Can you Sound Proof Your Home Theater?

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Hey bubbas, check this out:

There always discussions on how to get your home theater center more quiet, isolated, or even completely sound proof. Is is realistic to ask if you can really sound proof your home theater? And what about all those audio absorption/reflection panels you see offered? Will they cut down on external noise, or are they for something else?

We found a pretty good explanation of the difference in the two concepts:  sound proofing or isolation and sound absorption. There are products that address both of these issues, but you really really need to decide what you are trying to accomplish – a truly studio type soundproof space or a room with good acoustic properties, (the right amount of deadening and audio-reflection control, etc.)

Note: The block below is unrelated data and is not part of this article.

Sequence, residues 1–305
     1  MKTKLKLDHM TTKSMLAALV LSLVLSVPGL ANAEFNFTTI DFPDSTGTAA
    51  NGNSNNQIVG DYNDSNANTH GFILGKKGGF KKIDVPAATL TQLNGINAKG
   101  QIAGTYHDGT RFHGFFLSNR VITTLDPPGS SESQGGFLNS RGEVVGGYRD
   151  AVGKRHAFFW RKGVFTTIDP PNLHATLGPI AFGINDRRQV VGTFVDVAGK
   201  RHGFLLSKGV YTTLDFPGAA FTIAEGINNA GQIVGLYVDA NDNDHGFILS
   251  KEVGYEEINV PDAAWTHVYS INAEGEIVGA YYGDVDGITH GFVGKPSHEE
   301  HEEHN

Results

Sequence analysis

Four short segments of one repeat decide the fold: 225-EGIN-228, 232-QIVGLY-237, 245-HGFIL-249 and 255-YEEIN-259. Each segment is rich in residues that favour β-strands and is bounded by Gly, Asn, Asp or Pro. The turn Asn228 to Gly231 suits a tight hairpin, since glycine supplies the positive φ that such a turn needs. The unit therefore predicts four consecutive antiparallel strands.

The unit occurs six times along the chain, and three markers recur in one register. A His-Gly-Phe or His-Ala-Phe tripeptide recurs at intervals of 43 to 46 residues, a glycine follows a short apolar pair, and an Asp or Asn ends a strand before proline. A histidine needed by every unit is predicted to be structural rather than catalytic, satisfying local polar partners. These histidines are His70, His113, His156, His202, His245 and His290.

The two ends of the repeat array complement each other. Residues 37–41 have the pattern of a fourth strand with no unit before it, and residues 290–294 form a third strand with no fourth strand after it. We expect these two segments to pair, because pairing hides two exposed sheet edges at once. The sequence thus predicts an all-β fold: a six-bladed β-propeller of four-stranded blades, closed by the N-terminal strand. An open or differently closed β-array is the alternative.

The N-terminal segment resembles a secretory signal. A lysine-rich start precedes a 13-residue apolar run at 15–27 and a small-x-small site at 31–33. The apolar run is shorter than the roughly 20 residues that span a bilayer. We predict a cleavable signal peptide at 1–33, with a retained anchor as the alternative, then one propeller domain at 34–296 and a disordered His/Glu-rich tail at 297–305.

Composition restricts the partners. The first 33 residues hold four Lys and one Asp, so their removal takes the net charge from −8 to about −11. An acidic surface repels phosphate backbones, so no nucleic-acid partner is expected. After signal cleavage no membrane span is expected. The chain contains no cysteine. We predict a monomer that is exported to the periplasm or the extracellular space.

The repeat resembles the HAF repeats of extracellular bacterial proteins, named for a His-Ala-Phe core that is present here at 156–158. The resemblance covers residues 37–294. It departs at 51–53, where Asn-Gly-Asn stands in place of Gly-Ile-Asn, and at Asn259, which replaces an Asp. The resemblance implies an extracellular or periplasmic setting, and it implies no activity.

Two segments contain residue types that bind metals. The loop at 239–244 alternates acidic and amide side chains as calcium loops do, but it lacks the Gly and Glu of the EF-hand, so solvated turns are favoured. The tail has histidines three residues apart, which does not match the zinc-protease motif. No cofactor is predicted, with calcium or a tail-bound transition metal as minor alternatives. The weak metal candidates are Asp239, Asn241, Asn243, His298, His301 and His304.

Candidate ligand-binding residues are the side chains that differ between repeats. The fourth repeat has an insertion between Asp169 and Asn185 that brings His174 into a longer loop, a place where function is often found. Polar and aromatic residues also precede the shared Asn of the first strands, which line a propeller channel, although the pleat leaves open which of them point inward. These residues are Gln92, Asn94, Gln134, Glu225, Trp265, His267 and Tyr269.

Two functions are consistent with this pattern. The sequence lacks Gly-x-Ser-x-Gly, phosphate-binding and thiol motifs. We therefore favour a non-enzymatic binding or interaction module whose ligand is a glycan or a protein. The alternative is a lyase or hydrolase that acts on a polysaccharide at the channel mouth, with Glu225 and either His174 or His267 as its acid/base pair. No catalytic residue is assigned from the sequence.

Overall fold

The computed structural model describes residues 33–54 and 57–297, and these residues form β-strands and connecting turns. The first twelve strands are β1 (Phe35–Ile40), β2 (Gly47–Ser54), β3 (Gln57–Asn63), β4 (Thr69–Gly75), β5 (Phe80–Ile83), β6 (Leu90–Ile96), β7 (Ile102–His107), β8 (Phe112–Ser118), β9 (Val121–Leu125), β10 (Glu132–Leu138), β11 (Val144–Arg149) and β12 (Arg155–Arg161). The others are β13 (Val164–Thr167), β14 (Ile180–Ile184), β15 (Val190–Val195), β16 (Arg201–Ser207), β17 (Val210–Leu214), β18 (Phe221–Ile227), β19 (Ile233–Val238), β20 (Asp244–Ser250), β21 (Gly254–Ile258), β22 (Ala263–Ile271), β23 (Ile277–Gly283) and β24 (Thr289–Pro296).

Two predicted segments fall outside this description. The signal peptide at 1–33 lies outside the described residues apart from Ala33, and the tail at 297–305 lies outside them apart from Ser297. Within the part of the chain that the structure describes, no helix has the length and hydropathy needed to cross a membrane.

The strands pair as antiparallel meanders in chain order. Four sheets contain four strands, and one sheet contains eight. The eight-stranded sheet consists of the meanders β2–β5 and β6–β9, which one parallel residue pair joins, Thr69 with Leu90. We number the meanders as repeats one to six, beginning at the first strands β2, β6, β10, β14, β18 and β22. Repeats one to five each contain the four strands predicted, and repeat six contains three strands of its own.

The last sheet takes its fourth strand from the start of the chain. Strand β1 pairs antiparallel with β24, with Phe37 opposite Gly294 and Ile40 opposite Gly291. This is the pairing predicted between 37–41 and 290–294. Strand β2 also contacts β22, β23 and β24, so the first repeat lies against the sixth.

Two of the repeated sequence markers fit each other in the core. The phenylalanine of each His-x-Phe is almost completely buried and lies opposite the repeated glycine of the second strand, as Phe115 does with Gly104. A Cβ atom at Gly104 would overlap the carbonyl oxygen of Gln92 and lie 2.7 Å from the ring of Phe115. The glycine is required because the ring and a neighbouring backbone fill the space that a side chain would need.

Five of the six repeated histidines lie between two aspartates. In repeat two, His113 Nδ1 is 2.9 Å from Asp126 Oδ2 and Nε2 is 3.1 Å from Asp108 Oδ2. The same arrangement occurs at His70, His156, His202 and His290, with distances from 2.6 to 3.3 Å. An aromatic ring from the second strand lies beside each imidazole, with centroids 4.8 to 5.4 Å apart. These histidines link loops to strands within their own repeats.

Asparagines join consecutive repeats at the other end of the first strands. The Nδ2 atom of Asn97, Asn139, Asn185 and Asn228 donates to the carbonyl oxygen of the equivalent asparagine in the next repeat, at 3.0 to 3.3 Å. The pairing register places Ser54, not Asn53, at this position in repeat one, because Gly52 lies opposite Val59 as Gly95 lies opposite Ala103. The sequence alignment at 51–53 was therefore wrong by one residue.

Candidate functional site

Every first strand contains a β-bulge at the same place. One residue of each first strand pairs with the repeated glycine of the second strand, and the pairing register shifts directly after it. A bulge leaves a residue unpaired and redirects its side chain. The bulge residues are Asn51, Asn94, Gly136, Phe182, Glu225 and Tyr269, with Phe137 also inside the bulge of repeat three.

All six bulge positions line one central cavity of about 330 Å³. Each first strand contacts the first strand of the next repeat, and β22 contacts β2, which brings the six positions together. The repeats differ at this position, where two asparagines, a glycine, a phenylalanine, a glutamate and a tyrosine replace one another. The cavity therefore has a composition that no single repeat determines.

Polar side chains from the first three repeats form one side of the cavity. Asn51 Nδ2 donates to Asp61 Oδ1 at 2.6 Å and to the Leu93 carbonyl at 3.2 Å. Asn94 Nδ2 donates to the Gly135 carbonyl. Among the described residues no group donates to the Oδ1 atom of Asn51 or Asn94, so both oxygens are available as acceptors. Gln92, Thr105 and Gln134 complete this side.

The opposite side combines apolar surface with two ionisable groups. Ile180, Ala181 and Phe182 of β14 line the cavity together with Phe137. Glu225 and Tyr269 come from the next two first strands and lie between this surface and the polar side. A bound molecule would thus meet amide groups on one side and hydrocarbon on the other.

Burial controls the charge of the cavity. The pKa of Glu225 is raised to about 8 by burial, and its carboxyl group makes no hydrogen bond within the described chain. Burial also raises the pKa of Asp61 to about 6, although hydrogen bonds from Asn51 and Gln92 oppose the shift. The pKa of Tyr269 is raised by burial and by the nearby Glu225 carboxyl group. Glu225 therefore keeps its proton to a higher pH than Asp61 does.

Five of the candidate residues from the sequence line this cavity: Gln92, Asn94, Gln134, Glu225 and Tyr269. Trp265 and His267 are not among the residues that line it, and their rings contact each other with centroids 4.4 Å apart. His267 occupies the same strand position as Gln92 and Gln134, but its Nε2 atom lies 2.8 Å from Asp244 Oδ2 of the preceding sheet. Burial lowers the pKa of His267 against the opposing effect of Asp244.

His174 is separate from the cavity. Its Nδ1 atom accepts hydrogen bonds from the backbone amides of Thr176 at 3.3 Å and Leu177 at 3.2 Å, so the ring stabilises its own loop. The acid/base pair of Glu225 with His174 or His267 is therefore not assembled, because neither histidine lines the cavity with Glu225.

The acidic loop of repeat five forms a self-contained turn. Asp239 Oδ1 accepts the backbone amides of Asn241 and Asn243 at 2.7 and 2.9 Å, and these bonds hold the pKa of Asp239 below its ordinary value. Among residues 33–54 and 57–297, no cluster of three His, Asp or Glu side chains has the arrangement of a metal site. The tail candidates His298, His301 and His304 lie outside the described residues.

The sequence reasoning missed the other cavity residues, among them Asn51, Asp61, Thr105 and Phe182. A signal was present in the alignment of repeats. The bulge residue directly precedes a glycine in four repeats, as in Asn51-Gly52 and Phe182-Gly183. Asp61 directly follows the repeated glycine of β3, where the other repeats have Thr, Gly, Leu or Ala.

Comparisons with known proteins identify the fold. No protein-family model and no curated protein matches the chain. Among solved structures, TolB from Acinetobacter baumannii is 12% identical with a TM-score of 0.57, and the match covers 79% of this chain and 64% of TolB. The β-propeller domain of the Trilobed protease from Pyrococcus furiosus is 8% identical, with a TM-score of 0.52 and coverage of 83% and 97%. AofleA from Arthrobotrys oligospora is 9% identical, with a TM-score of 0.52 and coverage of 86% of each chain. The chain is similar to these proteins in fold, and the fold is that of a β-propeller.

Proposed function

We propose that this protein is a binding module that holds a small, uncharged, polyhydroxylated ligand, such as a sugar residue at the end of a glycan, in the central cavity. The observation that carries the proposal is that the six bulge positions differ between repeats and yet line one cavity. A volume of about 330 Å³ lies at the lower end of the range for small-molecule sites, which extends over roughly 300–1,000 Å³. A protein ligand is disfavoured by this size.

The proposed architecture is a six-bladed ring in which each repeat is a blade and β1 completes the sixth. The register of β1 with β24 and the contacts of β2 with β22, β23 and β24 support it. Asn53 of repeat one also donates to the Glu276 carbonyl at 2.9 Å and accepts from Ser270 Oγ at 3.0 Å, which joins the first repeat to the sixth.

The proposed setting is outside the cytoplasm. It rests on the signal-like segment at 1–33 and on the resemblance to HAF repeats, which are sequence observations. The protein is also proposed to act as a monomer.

Sound Absorption vs. Sound Blocking (ie soundproofing)

 

To really “sound proof” or totally isolate your home theater, you would have to build what most acoustic engineers simply refer to as a “room within a room”, that is, completely isolated inner flooring, walls, and ceiling that basically “float” within another space.  By float, we’re talking about insulation and special isolating materials that do not transfer audio energy; these are used to separate the inner room. It’s extremely costly, and except for really critical applications, just not necessary.  Most people focus on just getting the acoustics a little better: eliminating terrible echos, using various materials in your design to stifle unwanted reflections.  We’ll have more on soundproofing your home theater and related acoustic topics in later posts.

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